WHAT SHOULD I BE DOING INSTEAD OF THIS?
 
 

Robot Rock

A modernized Metrobot will be returning to the CAC

0 Comments · Wednesday, August 20, 2014
Soon, you may hear a pronounced jingle whenever Contemporary Arts Center employees walk around their building. If so, it’s because they will be carrying change — lots of it — so art lovers can use the new payphone on the gloriously resurrected Metrobot.   

Wondering About ‘Buildering’ and Its Real-World Relevance

0 Comments · Tuesday, July 15, 2014
I’ve had a difficult time trying to write about Buildering: Misbehaving the City, the first show at Contemporary Arts Center that its curator, Steven Matijcio, has put together since arriving here last year from North Carolina. And now it is nearing its end — it closes Aug. 18.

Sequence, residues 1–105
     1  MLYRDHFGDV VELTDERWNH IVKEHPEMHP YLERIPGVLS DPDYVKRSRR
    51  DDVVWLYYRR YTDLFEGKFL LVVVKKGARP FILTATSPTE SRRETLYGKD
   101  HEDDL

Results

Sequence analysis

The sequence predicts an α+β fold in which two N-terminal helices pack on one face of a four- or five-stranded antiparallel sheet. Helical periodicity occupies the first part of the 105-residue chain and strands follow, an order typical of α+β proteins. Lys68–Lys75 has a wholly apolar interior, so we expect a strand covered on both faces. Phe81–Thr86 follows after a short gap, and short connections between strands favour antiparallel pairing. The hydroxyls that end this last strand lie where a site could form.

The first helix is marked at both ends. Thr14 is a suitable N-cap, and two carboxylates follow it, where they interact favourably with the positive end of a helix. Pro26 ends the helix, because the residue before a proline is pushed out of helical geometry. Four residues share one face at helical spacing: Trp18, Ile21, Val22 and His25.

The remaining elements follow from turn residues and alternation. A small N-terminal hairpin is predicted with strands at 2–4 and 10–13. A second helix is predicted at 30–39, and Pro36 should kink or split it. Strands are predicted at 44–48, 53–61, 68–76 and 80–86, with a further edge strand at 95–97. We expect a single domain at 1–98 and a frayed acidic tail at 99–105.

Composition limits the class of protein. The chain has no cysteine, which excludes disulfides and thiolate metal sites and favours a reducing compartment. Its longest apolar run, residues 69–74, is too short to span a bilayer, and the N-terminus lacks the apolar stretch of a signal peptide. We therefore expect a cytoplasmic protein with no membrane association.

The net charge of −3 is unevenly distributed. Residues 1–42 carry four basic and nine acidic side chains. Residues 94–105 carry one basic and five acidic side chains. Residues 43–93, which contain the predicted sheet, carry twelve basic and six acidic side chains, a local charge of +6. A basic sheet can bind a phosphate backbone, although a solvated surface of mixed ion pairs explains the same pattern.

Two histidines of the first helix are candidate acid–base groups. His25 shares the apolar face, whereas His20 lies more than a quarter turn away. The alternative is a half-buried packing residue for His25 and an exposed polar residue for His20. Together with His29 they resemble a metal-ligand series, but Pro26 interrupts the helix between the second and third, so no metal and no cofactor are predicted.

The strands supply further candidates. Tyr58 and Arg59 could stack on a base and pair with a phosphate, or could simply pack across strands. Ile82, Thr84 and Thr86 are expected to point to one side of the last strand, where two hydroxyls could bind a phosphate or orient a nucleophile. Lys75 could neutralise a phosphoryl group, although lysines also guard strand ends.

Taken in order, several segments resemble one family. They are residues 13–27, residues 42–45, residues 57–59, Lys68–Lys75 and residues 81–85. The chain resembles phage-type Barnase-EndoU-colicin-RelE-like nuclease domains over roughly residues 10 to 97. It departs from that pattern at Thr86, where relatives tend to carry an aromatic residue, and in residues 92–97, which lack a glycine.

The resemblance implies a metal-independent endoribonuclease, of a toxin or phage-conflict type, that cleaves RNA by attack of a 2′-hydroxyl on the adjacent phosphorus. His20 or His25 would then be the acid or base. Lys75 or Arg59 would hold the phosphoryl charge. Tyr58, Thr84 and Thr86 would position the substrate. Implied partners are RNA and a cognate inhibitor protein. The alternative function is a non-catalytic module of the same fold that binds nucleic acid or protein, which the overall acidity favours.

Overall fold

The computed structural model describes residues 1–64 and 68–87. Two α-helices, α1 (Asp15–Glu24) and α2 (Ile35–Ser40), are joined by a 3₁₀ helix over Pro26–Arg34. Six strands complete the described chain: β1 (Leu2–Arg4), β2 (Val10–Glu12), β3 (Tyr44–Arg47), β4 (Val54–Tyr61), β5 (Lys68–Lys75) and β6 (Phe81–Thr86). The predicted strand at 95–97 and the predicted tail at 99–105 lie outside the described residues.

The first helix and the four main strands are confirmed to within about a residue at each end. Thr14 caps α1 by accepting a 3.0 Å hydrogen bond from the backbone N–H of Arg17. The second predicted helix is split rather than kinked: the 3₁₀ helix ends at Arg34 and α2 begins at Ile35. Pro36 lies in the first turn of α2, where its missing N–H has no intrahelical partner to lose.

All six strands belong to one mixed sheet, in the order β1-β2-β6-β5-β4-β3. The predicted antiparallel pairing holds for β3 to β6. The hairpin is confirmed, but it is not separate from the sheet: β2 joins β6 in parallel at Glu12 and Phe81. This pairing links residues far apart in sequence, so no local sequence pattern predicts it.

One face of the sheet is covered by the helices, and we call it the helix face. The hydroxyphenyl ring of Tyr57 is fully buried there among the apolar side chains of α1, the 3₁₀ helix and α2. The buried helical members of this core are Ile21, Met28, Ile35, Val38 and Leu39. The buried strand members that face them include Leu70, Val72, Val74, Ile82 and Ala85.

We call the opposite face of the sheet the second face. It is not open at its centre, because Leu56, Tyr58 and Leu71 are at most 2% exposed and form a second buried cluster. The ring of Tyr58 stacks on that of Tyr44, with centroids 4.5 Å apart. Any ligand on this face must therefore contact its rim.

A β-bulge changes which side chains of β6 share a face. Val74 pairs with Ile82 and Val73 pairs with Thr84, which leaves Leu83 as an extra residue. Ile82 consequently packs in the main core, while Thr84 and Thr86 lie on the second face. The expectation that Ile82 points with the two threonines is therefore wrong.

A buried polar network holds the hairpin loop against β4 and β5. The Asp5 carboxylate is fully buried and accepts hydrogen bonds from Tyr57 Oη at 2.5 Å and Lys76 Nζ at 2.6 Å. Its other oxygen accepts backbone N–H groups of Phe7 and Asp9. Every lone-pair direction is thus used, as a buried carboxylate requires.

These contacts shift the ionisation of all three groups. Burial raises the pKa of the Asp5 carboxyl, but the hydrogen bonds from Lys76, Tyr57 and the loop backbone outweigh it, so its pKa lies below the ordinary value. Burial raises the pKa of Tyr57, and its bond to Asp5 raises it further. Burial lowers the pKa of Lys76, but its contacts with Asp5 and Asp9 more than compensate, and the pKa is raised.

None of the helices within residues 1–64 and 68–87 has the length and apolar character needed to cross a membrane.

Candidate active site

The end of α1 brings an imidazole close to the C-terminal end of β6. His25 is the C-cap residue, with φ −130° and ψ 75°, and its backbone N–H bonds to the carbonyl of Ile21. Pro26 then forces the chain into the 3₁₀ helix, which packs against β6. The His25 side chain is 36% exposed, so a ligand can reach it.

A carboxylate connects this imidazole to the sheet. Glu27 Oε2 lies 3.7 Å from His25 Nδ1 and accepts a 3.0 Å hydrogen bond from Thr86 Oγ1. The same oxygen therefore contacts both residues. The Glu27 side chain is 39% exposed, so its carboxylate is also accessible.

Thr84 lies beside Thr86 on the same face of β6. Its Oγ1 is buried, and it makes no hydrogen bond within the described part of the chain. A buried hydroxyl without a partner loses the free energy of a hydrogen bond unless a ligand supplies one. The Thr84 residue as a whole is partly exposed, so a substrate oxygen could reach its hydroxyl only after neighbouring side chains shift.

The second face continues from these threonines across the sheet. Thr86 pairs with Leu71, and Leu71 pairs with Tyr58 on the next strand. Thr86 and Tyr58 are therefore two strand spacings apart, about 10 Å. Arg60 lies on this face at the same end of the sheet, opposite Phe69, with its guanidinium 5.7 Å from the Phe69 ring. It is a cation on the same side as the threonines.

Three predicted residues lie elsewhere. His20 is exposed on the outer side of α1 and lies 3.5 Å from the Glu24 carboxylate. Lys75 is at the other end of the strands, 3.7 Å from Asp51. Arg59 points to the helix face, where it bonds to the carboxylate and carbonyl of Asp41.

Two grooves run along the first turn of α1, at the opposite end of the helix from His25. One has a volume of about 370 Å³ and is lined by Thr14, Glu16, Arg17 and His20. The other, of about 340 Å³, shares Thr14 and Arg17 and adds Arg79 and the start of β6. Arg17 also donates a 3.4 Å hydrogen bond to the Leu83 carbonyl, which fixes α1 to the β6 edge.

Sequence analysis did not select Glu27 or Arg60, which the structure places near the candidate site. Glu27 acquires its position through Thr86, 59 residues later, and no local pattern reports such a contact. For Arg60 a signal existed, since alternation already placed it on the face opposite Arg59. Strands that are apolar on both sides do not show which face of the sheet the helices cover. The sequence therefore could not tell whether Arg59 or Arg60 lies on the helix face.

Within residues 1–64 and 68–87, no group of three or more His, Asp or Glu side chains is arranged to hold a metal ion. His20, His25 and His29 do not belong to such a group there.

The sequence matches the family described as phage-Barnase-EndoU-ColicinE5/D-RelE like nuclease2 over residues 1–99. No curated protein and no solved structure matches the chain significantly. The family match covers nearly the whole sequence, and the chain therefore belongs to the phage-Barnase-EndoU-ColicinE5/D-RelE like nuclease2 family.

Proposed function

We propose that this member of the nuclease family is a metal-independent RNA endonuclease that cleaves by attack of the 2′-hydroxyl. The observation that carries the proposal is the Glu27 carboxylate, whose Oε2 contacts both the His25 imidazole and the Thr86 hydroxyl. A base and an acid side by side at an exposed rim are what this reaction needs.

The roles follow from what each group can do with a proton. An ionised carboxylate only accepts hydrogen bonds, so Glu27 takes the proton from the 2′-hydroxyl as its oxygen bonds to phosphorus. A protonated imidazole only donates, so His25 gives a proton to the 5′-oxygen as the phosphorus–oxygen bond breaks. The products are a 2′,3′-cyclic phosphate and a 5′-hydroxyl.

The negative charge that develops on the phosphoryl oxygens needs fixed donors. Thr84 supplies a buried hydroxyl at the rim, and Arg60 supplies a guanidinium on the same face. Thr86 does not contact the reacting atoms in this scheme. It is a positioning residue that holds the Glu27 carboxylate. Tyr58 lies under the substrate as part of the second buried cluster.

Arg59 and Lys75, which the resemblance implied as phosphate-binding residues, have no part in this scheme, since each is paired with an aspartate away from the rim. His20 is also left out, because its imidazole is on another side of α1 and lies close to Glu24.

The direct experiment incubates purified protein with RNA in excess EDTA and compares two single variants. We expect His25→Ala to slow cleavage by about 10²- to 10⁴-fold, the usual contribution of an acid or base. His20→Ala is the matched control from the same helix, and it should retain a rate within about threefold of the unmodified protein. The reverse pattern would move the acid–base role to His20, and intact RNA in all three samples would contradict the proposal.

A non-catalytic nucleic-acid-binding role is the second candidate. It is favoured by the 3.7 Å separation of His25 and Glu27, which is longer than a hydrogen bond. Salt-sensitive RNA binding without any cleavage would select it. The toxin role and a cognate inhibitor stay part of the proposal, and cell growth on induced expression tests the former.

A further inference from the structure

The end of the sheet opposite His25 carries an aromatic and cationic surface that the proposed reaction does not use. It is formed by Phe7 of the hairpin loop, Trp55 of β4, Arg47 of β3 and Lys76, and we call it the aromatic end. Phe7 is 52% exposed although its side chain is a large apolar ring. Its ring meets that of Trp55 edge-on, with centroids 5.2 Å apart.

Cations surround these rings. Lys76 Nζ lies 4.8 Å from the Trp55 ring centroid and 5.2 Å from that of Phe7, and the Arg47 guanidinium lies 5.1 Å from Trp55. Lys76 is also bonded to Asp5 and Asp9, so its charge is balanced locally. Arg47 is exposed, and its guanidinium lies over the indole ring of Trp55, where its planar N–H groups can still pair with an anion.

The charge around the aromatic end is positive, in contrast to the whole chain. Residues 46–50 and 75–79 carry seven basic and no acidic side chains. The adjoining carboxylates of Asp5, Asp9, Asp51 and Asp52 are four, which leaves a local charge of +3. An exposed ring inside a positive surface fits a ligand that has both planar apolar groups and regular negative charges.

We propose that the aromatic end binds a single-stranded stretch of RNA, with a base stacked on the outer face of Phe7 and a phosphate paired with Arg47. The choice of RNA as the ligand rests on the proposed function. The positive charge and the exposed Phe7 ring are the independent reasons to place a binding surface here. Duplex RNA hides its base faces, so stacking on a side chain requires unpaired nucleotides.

CAC’s Performance Series Moves Way Outside the Box

0 Comments · Wednesday, July 2, 2014
Not content to merely think outside the box with its Performance Series, the Contemporary Arts Center plans to physically travel outside the box — the confines of its Black Box Theatre, that is — for several of its 2014-15 programs.  
by Jac Kern 06.18.2014 75 days ago
Posted In: Arts community, Visual Art at 11:32 AM | Permalink | Comments (0)
 
 
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CAC Offers Extended Thursday Hours for Summer

Night Museum runs 5-9 p.m. Thursdays through Aug. 7